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Monstrous Episode Six - The Wendigo
~ Chapter One ~
“You should not have come.”
Graeme Baird was inclined to agree. The weather, bitterly cold compared to his native Scotland, was beginning to show its teeth. Even though the family had done its best to make the ancient clapboard house cozy, the wind and snow snuck into the home through cracks, continually dusting the wooden floor with white glitter.
“Hush, Grandmother.” The man turned to Graeme. “Please don’t listen to her. She’s never recovered from that night.”
The woman lurked in a corner of the room, tucked into an old recliner like a spider in its web. Her face was crossed with a million lifelines; it was impossible to determine her age. In the dim light, her eyes shone as she glared at him, waiting to see if he heeded her warning.
“She saw it as well?” Graeme was shocked. He’d never before heard of anyone surviving an encounter with this creature, let alone an elderly woman.
Knute inclined his head.
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From Distant Euroa - New Monstrous Cryptozoology
From Distant Euroa
by Alan Baxter
Kylie Baird wiped sweat from her brow as she stepped into the coolness of the Silver Hotel. Cool compared to the blistering heat and pounding sun outside, anyway. A bit of shade and a couple of struggling ceiling fans weren’t much, but they made a difference.
“Schooner of New, thanks, Bazza,” she said with a smile, but Barry was already pouring it. He knew her order.
“You’re grubbier than usual, Kylie.”
“Been a bastard long day. Three idiot cows got caught up in fencing near Johnson’s south paddock. Had hell’s own job getting them out.”
“You’ve earned this then.” He passed the beer across the bar.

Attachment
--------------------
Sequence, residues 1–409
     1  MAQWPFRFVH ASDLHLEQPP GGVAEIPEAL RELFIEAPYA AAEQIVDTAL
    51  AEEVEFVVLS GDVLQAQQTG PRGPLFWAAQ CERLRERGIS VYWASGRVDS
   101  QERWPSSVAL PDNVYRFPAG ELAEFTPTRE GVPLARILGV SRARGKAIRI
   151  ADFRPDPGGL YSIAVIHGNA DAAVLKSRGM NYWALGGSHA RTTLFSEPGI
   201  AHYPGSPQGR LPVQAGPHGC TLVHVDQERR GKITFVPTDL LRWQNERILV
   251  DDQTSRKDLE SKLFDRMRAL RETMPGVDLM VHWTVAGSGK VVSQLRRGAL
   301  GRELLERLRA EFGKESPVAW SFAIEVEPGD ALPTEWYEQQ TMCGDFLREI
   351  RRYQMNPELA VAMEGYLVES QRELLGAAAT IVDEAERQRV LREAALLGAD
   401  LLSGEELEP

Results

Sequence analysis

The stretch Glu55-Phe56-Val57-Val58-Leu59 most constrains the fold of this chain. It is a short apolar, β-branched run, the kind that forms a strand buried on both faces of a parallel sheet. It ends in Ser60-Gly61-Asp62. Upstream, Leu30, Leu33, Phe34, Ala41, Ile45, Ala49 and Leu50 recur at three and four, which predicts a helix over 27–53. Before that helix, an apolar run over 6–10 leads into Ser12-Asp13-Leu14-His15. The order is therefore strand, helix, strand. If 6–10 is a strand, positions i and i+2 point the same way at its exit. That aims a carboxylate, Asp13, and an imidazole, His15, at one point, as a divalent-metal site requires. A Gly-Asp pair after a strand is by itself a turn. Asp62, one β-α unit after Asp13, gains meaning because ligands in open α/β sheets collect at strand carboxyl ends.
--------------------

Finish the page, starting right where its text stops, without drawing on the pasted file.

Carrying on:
Kylie swallowed half without a breath and sighed. “That’s the good stuff.”
“Is it?”
She laughed. “Well, nah, it’s like piss. But it’s beer.”
She turned to lean back against the bar and spotted a group of three men sitting in one
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Monstrous Episode Three - The Demon's Cave
The Demon's Cave
By Keith McArdle
Dan adjusted the leather skull cap. The hearing cups nestled more securely around his ears and the roar of the plane's engines immediately faded to a dull rumble. He reached into a pocket, fingers clamping onto a piece of paper. He dragged it clear and unfolded the note. The words were written by a neat hand, the letters beautiful, clean strokes of ink.
Mr. Dan Atwood, I am told you can help. I would like to add a Quinkin to my collection. If you accept the three gold guineas on offer, you will fly to a small airstrip 25 miles north of Melbourne and God willing capture one of these creatures. All expenses paid. Muribilli, a warrior and tracker from the Woi Wurrung people will meet you at the airstrip. He comes highly recommended. You won't succeed without him. Godspeed.
Graeme Baird
He folded the letter and slid it away, buttoning the pocket closed. He stretched his legs, staring at his pack and weapon secured on a seat opposite. The Browning .303 bolt
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Speed Read Summary of Adrenaline Shots Series by dannyrichardwriter
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Desert Jules - Mistress Morphine's Nemesis! by dannyrichardwriter Desert Jules - Mistress Morphine's Nemesis! :icondannyrichardwriter:dannyrichardwriter 6 0 New Adrenaline Shots Booster Shot - Sinister Scene by dannyrichardwriter New Adrenaline Shots Booster Shot - Sinister Scene :icondannyrichardwriter:dannyrichardwriter 6 0 Adrenaline Shots Booster Shot by dannyrichardwriter
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Warning - Watch your Blood Pressure - Some NSFW Naughty Bits!!

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The Tatzelwurm

By Eileen Mueller